Criterion released this film previously on laserdisc but it only had a couple of supplements: a trailer for this film and a trailer for the 1988 remake. The 1988 remake trailer didnít make it on here but they have added some new material.
There are two rather good audio commentaries on this disc. The first has producer Jack H. Harris and film historian Bruce Eder. The dominant member of the track is unfortunately Harris. Like almost all Criterion tracks they have been recorded separately and then edited together. Harris covers the history of the production and how it came to life, starting with his desire to make a horror film after seeing The Thing to the actual funding of it and his surprise of Paramount actually picking it up. Sometimes I found he droned on but it was still an informative bit.
Bruce Eder, whose contributions I always welcome to commentaries, only appears on the first track a few times, which I found very disappointing. It sounds as though he had listened to the other recordings first, because he is referring to the other commentary participants all throughout. For the most part he offers his own insight into the film but not much else, which I found fairly disappointing.
The second track features the director Irvin S. Yeaworth, Jr., or ďShortyĒ as he says he is nicknamed and also features actor Robert Fields, who plays Tony in the film. Yeaworth is the dominant one in the track and he offers some fairly interesting points as well (some of it repetitive from the other track) like the story how they came up with the title, which they wanted to sound just corny enough in the hopes comics or the press would make fun of it and end up unwittingly promoting it. I also found it interesting that the production company made religious films before this and this was the first endeavor in main stream films. Fields appears here and there and he actually spends his time commenting on working with Steve McQueen. Everyone else also mentions McQueen (either how great he was or what a pain he was, so I guess it depends on how you were dealing with him) but Fields focuses more on him, only once in a while commenting on himself, like his original distaste for the film.
A complaint I usually had with Criterionís group commentaries, specifically the one they did for their DVD of Sid & Nancy, was that there were too many people for the track and that I was sure good stuff got lost during the editing. Criterion was smart enough to spread all these comments over two commentary tracks so I feel we get most of the information. Each track, while not great, offers a lot of info and never has a dead spot.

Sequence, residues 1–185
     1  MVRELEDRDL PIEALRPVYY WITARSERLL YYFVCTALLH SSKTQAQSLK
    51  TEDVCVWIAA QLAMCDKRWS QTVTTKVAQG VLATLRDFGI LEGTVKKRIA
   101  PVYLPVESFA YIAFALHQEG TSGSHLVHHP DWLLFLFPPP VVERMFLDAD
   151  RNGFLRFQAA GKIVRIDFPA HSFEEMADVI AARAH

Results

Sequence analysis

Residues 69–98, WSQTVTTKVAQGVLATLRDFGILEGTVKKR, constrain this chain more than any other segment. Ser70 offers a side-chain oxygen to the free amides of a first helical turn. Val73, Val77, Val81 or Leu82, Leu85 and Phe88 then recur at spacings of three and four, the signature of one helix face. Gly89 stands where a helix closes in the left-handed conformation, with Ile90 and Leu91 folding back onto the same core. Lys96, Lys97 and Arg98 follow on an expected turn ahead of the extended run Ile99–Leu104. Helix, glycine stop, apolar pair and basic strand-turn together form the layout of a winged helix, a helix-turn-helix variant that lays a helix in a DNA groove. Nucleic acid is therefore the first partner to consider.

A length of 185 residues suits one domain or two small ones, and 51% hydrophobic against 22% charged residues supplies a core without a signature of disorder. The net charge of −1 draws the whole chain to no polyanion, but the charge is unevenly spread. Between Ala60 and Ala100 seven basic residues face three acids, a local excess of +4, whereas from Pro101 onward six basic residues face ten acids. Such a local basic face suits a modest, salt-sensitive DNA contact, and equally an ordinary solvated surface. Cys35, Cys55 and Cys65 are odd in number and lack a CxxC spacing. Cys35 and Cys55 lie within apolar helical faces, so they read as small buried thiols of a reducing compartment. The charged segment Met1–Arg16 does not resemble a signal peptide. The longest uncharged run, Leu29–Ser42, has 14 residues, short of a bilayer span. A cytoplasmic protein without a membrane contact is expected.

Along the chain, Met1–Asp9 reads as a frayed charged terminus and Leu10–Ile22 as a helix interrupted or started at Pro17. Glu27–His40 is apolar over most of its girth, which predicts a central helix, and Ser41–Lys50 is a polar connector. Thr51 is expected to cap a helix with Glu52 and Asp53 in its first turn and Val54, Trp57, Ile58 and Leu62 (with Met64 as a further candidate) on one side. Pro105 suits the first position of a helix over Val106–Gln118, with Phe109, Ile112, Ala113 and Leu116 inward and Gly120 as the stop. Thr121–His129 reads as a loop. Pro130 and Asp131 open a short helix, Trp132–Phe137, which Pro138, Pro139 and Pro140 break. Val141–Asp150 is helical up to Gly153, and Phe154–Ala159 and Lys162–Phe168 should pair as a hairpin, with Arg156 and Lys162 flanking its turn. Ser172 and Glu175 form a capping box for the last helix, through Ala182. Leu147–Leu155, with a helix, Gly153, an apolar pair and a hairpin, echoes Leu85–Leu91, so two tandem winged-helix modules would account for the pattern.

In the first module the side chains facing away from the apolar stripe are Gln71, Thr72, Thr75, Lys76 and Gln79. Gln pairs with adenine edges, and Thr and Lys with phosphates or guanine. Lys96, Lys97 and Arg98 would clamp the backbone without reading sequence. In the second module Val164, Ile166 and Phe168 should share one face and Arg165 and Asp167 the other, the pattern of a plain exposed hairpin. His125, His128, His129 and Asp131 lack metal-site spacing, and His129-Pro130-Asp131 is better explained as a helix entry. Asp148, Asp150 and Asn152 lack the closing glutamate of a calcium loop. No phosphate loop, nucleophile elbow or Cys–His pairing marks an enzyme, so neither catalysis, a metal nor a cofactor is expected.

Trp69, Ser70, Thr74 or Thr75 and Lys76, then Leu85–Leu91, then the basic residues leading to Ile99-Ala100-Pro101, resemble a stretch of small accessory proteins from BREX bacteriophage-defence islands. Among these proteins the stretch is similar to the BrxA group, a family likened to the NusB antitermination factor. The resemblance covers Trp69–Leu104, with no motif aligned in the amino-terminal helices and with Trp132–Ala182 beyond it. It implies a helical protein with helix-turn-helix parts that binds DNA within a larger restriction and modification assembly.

Another extra is a section called "BLOB-abilia!" This section is a collection of stills showing some Blob collectibles. There are production photos, plus photos of the sets and models used for sequences involving the blob moving about. There is even a photo of collector Wes Shank with the blob model (which is the very last one). There are even posters, some original and a few for re-releases, either domestic or over-seas (I thought the one from Germany with a pumped up Steve McQueen was good for a laugh).
The other extras are basically standards. You get a rather campy theatrical trailer, which manages not to give away the whole film and then you get an insert featuring an essay by Bruce Kawin going over the details of the film in explicit detail, though you can't help but wonder if he's looking too deeply into. Judging from the commentary, the filmmakers weren't really trying to say much except teens are good and important as well as giving the audience a good scare.
Criterion has also stuck in a movie poster. I was hoping it would be a recreation of the original poster but it's actually just a blown up image of Criterion's cover art for this disc. I like the cover but I think it would have been better if it was a reprint of an original poster, which has been used as the insertís cover art.
There's still some things I would have liked to see on the disc, though, which is what mostly left me disappointed about this disc. There were obviously some scenes cut out (like an extended sequence of the doctor being devoured) and an inclusion, other than photos, would have been nice. As well, there wasn't really anything on this disc about the Blob song by Burt Bacharach. I'll be honest, I get a kick out of this song and I was hoping for something more on it, but at best itís only mentioned a few times in the commentary tracks.
But having said that both commentaries are great and offer a great deal of information about the filmís production. I wish we got more about other areas of the film (like that catchy song) and maybe more about its place in film history, a void Eder only fills briefly in his commentary, but what we do get is worth going through. 6/10